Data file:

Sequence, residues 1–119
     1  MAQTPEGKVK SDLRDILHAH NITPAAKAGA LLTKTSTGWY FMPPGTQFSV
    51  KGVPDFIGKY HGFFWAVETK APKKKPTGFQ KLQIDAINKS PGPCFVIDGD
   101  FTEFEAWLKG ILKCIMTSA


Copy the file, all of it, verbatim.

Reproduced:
Sequence, residues 1–119
     1  MAQTPEGKVK SDLRDILHAH NITPAAKAGA LLTKTSTGWY FMPPGTQFSV
    51  KGVPDFIGKY HGFFWAVETK APKKKPTGFQ KLQIDAINKS PGPCFVIDGD
   101  FTEFEAWLKG ILKCIMTSA